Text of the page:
Near Shore Or Offshore, Soft Costs MatterDistinctions blur among outsource options, but fundamentals don't change.
In the past, outsourcing meant sending work offshore--very far offshore. India always made the short list when companies moved to outsource solely to reduce their TCO.
But now, as India's labor costs rise, other countries are making inroads into the outsourcing business. And organizations are weighing the potential for "near-shoring"--sourcing work closer to home, in Canada, Mexico, and other Western hemisphere locations--for reasons besides costs. Near-shore locales offer tighter language, educational, commercial, and cultural alignment; time-zone coordination for work teams and managers; and relative stability of resources.
However, the distinctions between offshore and near shore are gradually blurring. Indian and Asian-based providers are expanding to near-shore locations, particularly Central and South America. As more options come online, CIOs making an outsourcing decision should consider these rules:
• Engage vendors in a competitive process. Leverage their best thinking, and challenge them to propose the optimal solution based on your requirements.
• Quantify costs of labor, infrastructure, travel, and telecommunications.• Evaluate factors such as vendor attrition, cultural differences, and the impact of time-zone differences.
• Analyze geographic, geopolitical, and geoeconomic data with appropriate discount factors.
• Visit potential offshore and near-shore sites. Too many CIOs make decisions worth hundreds of millions of dollars without setting foot in their vendor's facilities or interviewing their proposed project management team.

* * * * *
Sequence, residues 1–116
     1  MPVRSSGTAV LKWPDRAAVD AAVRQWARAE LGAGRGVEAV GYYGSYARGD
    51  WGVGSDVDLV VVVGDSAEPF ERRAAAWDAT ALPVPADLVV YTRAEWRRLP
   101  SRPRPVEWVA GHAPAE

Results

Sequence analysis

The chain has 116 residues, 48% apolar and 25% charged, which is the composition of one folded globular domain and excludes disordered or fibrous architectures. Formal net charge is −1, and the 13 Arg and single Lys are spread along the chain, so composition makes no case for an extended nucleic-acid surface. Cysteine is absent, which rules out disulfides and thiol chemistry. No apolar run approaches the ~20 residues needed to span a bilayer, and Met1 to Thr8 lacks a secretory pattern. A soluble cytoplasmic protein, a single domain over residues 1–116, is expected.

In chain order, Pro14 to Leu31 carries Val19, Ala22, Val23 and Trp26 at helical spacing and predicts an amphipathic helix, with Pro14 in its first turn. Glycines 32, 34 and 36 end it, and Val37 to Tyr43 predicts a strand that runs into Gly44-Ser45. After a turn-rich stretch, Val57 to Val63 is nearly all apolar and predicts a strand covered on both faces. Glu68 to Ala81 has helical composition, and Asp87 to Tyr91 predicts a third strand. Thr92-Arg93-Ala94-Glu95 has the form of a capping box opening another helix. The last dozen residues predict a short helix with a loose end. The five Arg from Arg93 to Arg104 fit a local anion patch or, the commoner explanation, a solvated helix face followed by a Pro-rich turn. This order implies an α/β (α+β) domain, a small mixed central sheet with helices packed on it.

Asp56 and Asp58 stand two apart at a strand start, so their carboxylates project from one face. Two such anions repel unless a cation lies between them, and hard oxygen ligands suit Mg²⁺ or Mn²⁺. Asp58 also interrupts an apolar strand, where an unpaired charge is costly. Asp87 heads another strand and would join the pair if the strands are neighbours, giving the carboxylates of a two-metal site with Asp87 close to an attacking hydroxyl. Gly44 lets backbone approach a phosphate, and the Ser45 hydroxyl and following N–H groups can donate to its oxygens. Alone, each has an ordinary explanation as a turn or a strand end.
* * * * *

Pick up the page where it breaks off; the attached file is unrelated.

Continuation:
• Give stronger consideration to vendors with both offshore and near-shore capabilities.
• Consider a blended shoring approach as a hedge against unstable or unpredictable labor, security, financial, or political factors. Factor transition (offshore to near or vice versa) terms into your contract.
|Keep These Factors In Mind|
|Locations||India, China, Philippines, Eastern Europe and Asia||Canada, Mexico, and Central and South America|
|Labor rate||Least expensive||Less costly than U.S./U.K. rates, more expensive than India, Asia|
|Political risk||Varies by country||Generally low, with a few exceptions (Venezuela)|
|Resource pool||Hypercompetition for talent leads to higher attrition in India, instability in China, varies in Eastern Europe||Typically a more stable workforce, longer-term employees</td>|
|Infrastructure||Varies by country, susceptible to natural and infrastructure events; telecom costs high to/from U.S||Typically good but varies, susceptible to natural and infrastructure events (power availability)|
|Education||Large pool of highly qualified technical resources with emphasis on engineering, technology||Western-based education system, strong ties and understanding of U.S. commerce; behind India/China in technical resource pool|
|Time-zone difference||8- to 12-hour difference||3 hours or less|
|Business culture||Still lack of commercial knowledge, scant synergy with U.S. business culture||Dominated by large Western cultures, distinctly Hispanic, most companies are driven by Western holiday calendar|
|Data: Pace Harmon|
-- Steve Martin, partner, and Dan McMahon, senior associate, at consulting firm Pace Harmon
Photograph By Getty Images
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